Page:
Section 3.

No person shall be a Senator or Representative in Congress, or elector of President and Vice President, or hold any office, civil or military, under the United States, or under any state, who, having previously taken an oath, as a member of Congress, or as an officer of the United States, or as a member of any state legislature, or as an executive or judicial officer of any state, to support the Constitution of the United States, shall have engaged in insurrection or rebellion against the same, or given aid or comfort to the enemies thereof. But Congress may by a vote of two-thirds of each House, remove such disability.

Section 4.

The validity of the public debt of the United States, authorized by law, including debts incurred for payment of pensions and bounties for services in suppressing insurrection or rebellion, shall not be questioned. But neither the United States nor any state shall assume or pay any debt or obligation incurred in aid of insurrection or rebellion against the United States, or any claim for the loss or emancipation of any slave; but all such debts, obligations and claims shall be held illegal and void.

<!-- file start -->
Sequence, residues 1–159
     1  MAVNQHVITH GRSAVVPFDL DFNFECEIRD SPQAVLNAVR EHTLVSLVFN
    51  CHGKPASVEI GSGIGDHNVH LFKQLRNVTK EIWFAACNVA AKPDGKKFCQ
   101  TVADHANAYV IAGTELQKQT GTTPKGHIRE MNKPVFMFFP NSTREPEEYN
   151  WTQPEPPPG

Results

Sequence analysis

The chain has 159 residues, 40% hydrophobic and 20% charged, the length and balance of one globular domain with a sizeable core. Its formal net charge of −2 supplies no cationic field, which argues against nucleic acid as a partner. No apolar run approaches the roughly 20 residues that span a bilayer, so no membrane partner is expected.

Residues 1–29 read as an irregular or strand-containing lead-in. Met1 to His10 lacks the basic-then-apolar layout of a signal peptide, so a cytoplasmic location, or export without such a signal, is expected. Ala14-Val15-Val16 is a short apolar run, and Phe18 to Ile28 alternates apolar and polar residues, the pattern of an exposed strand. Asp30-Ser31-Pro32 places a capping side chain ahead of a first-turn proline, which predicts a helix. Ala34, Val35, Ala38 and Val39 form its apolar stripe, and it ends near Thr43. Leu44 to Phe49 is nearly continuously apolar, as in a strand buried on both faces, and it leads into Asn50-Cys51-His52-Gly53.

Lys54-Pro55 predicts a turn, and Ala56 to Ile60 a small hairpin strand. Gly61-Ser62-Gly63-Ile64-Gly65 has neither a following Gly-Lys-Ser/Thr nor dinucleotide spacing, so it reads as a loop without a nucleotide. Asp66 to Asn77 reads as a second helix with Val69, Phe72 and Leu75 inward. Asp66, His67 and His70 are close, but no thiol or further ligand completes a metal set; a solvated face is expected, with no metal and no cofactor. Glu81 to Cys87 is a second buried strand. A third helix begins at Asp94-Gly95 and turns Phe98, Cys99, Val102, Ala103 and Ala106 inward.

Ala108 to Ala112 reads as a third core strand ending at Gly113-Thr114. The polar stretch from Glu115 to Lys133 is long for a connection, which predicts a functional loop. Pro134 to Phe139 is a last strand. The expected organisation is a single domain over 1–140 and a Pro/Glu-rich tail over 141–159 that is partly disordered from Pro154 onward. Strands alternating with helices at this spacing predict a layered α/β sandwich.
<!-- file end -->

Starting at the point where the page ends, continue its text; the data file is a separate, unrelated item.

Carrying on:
Section 5.

The Congress shall have power to enforce, by appropriate legislation, the provisions of this article.

marital law definition
The suspension of regular government and habeas corpus or the reliance of military law enforcement.

Temporary military takeover of law enforcement. Under martial law, within the affected territory, the will and decisions of the commanding military officer take precedence.